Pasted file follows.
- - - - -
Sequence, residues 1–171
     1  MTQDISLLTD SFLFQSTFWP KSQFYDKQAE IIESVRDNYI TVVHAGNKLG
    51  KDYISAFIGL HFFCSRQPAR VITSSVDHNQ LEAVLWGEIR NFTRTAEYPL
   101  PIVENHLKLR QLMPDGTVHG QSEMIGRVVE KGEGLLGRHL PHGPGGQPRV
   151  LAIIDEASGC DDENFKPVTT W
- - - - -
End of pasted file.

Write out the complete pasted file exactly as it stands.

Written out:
Sequence, residues 1–171
     1  MTQDISLLTD SFLFQSTFWP KSQFYDKQAE IIESVRDNYI TVVHAGNKLG
    51  KDYISAFIGL HFFCSRQPAR VITSSVDHNQ LEAVLWGEIR NFTRTAEYPL
   101  PIVENHLKLR QLMPDGTVHG QSEMIGRVVE KGEGLLGRHL PHGPGGQPRV
   151  LAIIDEASGC DDENFKPVTT W